Kindly written & supplied by Jerry Bull (Managing Director of Atkins Hope, Solicitors in Croydon) & Samantha Little (Partner & Head of the Children Law Team at Russell-Cooke in Kingston) from their talk to the ALC Conference.
1. See below for a copy of the notice sent out by LAA about expecting us to report any clients we suspect of making fraudulent claims.
2. LAA states that it now wants us to report any client we suspect is making a fraudulent claim for benefits and quotes a case where they refused to pay a firm £20K in costs because they had not done so.
3. It is unclear how this duty links in to our duty of confidentiality to clients and we have no information of how this rule is being applied or if it has been challenged
4. It is difficult to know how this is going to play out but we are absolutely certain that you will not wish to be a test case on this issue.
5. We would certainly advise that your standard letters to clients will need to be amended to reflect our duty to report them
LEGAL AID AGENCY Note referred to above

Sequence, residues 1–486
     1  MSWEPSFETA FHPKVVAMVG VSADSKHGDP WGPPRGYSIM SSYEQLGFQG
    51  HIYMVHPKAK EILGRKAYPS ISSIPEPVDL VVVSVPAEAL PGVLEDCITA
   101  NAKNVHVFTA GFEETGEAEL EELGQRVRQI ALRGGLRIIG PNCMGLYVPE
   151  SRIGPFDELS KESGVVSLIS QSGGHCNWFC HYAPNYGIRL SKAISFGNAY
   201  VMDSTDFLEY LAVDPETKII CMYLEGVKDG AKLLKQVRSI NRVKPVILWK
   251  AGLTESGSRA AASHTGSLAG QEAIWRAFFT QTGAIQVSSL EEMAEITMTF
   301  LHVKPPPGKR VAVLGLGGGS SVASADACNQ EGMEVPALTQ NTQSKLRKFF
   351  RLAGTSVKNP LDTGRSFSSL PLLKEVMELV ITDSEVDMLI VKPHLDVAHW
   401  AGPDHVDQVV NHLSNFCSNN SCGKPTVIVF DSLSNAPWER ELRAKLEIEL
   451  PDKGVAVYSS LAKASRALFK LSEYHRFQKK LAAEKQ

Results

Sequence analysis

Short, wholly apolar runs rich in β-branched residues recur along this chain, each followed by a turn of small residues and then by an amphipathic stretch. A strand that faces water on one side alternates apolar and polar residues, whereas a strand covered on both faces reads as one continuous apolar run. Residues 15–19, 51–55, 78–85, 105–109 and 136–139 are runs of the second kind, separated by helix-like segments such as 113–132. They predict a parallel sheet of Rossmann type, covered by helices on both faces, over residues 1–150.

“Fraudulent claims: ensure your clients are eligible
Help safeguard the Legal Aid Fund and protect yourself at the same time
We need your help to help track down fraudulent legal aid claims.
We know that the vast majority of clients and providers make honest claims.
But there are times when providers need to be prepared for frank discussions with their clients to help us tackle the problem of fraud.
Joint fraud prosecutions
The Legal Aid Agency is doing an increasing amount of work with the Department for Work and Pensions on joint fraud prosecutions.
One particular issue concerns passporting benefits.
Although passporting automatically entitles the recipient to legal aid, a fraudulent benefit claim can also mean a fraudulent legal aid claim.
We know that you have a duty to act in your clients’ best interests. But you also have a duty under your legal aid contract.
So you must tell us if you suspect your client may not be eligible for a benefit.
A contract breach was recently highlighted in a divorce case.
We found a provider had breached their contractual duty to report doubts over their client’s eligibility.
Following a joint investigation with the DWP:
• we declined to pay a £20,000 legal aid bill to the legal aid firm and
• the client was convicted for failing to declare several thousand pounds of earnings.
The firm’s mistake was to accept the client’s assurances that she had reported earnings of several thousand pounds a year as a self-employed masseuse.
The client’s mistake was her failure to declare her earnings to the Pension Credit Agency.
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